“Tennessee’s current inheritance tax hurts farmers and small business owners who have scrimped, sacrificed and saved their entire lives to build up a family business,” Norris said. “It is also a factor for senior citizens moving to other states that have a higher exemption level which hurts Tennessee’s economy.”

Reduction of Sales Tax on Food — In addition, the Senate Tax Subcommittee recommended key legislation to reduce the state portion of the sales tax on grocery food from 5.5 percent to 5.25 percent, with the goal of lowering it to 5.0 percent in three years. Senate Bill 3763, sponsored by Leader Norris, has been a goal of many Republicans in the General Assembly over the past several years. This year it was included in Governor Bill Haslam’s legislative package and is funded in the budget, which gives it a major boost towards passage.

“We need to not only keep our focus on the state budget, but also on the family budget,” said Leader Norris. “This bill implements the first phase in providing grocery tax relief in Tennessee.”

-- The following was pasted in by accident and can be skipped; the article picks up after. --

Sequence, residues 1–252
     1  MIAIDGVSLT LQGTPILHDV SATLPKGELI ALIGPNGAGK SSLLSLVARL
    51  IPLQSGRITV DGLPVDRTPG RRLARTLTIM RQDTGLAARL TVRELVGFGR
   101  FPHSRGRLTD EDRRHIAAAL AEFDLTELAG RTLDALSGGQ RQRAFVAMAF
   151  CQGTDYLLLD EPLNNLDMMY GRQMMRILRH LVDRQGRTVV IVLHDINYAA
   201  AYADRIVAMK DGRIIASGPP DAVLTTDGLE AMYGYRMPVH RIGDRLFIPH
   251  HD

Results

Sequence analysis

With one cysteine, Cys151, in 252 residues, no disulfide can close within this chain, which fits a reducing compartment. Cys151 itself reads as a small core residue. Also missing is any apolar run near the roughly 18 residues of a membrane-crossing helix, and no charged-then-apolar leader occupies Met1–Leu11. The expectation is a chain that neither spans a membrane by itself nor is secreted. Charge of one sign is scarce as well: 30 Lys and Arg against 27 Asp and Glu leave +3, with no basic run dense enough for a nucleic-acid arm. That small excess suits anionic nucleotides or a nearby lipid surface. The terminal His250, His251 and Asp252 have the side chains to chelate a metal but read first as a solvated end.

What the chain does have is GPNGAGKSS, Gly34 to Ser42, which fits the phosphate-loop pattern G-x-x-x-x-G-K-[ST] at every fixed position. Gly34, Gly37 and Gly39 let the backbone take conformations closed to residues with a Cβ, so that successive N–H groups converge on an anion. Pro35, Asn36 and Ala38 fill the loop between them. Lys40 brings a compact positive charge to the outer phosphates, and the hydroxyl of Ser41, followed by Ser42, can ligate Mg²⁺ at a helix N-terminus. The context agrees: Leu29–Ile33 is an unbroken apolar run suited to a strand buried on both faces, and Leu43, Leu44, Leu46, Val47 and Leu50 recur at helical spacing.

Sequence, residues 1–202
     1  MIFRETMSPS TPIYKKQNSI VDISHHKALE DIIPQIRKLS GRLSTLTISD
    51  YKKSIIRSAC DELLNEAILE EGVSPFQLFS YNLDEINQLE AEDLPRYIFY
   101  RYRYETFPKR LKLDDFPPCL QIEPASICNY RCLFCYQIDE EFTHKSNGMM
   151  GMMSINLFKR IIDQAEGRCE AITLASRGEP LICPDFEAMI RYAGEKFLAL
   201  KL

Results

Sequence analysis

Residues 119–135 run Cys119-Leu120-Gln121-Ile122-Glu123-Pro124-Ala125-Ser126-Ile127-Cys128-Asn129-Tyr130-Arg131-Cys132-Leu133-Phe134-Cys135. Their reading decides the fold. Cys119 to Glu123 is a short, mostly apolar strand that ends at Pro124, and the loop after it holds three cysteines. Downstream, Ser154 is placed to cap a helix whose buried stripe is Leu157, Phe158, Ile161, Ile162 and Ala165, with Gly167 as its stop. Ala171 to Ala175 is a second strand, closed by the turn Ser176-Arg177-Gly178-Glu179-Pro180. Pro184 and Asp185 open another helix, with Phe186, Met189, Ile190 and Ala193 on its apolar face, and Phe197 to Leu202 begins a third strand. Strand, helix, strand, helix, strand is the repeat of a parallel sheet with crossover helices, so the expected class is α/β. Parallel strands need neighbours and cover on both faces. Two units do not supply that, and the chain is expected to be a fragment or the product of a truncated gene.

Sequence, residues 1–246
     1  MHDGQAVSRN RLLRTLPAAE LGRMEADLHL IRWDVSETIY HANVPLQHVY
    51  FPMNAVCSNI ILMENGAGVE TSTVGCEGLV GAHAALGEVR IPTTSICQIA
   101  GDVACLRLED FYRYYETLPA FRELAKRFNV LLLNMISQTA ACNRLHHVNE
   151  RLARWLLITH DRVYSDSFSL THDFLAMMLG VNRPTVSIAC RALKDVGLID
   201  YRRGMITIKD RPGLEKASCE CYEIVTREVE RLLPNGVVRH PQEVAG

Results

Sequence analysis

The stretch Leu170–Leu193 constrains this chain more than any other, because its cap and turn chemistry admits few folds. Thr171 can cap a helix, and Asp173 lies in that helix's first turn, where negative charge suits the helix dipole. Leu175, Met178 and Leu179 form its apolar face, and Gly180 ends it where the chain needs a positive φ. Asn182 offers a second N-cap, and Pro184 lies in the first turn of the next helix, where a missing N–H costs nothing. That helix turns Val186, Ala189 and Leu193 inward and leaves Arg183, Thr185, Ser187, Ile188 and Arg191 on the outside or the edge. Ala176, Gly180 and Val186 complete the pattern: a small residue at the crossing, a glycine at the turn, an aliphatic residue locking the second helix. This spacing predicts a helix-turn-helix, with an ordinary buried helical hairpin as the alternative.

Prescription drug abuse legislation approved by Senate Judiciary Committee

Legislation, sponsored by Senate Majority Leader Mark Norris (R-Collierville) and co-sponsored by Senator Ken Yager (R-Harriman), that would curb prescription drug abuse in Tennessee was approved by the Senate Judiciary Committee this week. Tennessee ranks second in the nation in regard to the overutilization of prescription pain medications. The bill would require doctors or their designees to check the state’s Controlled Substance Monitoring Database for patients’ prescription history before prescribing an opioid or benzodiazepine substance.